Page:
The Rebbe teaches us that when we wanted to pray, but couldn’t, then the desire we had to pray is considered a sacrifice. You really wanted to do it, but it didn’t work out – you were slaughtered. That’s considered a sacrifice. About this it says, “For you we were killed all day long, we were considered like sheep for the slaughter.” But a person just thinks that things aren’t working out for him, and that the whole week was wasted. The Rebbe says, “No! You offered up your blood and fat – because you wanted to do good things, and it just didn’t work out.” When you teach someone this, he doesn’t really grasp it. A person says, “But things really aren’t working out for me!” When are you going to give up this “ME” business? Your “me” isn’t the center of the universe. The central focus of the Universe is to honor Hashem. Hashem has given you the honor to honor Him. The angels are jealous of you. All they can do is say, “Kadosh, Kadosh…” But you can honor Hashem with your brochos, with Krias Shema and your prayers.


But there’s something that keeps us trapped in prison. We don’t appreciate the value of teshuvah, of being close to Hashem. And the tikkun of this itself is to do teshuvah. We need to fix and correct the dinim and kelipos that bring us into this prison of self-focus and egotism. The Rebbe comes and gives us the gift that can get us out of this. “A person has to minimize his own honour.” Whatever enters your mind, you step back for a moment. “One minute, if there’s anything here to do with me and my honor – something that’s paining me, then it’s just illusions.” Minimize this. This is the light that we received on Har Sinai. This is the light of Chanukah, that extricates us from the grips of the Greek Hellenism. The Greek philosophy was all about the self – how great I am, I’m a psychologist, and I’m physically strong and powerful. The Greeks need psychologists, because they go mad from all their nonsense! When a person is caught up in all the vanities of this world, he experiences darkness – the Greek darkness, and he feels like he “has no portion in the G-d of Israel.”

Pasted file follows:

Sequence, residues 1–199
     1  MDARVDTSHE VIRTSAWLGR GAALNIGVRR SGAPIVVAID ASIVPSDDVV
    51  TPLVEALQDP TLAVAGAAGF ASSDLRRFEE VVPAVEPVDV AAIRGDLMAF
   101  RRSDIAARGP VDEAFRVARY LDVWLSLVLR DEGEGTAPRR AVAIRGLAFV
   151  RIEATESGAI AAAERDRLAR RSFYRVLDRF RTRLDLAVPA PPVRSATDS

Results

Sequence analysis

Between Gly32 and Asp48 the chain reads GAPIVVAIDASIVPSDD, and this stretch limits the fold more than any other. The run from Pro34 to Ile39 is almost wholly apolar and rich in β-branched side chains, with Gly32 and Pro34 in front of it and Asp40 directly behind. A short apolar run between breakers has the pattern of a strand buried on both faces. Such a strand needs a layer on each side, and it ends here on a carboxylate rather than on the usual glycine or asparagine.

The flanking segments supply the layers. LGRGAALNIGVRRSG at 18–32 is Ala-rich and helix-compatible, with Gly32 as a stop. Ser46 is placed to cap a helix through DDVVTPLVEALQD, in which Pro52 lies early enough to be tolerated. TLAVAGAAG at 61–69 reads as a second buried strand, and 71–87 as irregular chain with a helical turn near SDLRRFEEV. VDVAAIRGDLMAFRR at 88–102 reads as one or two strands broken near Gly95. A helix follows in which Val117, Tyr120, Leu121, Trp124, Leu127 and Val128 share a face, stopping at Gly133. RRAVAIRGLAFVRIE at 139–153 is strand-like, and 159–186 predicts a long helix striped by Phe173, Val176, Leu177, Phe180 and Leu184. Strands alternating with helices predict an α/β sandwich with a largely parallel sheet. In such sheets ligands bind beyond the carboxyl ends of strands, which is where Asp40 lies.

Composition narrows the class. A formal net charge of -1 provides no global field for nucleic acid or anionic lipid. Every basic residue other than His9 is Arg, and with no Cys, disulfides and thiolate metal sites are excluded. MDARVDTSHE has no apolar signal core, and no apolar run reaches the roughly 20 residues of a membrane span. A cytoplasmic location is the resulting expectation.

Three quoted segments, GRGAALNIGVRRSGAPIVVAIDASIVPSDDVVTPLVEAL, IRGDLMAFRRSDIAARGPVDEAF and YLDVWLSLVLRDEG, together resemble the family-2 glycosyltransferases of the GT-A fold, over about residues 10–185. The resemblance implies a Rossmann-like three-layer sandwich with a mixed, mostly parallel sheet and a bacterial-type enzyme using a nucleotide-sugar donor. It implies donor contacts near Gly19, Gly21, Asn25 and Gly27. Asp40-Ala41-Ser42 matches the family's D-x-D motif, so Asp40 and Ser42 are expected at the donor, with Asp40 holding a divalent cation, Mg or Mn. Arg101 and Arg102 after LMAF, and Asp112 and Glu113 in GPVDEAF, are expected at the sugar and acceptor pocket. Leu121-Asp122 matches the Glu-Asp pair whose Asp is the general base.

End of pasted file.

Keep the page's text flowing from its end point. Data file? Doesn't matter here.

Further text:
Whoever thinks about his own honour is like Pharaoh, Haman, Nebuchadnezzer. It’s all the same ideology – “I’m the King and you need to bow down to me.” This is the attribute of din, and we fall back into it every day. The proof of this is – that I’m repeating last week’s shiur! We forget these ideas instantly. But when someone wants to remember, he succeeds. Each time he digs his way back to honoring Hashem. He understands that he needs to fall and fall, over and over again, because this is the correction of whatever sins and blemishes he’s made. This is Gehinnom, but it’s also the tikkun. He just needs to keep digging his way back out again. He doesn’t ruminate about why he’s fallen again, or about how many times he’s fallen, or worry about how many times he’ll fall again in the future. He just comes back to Hashem – today.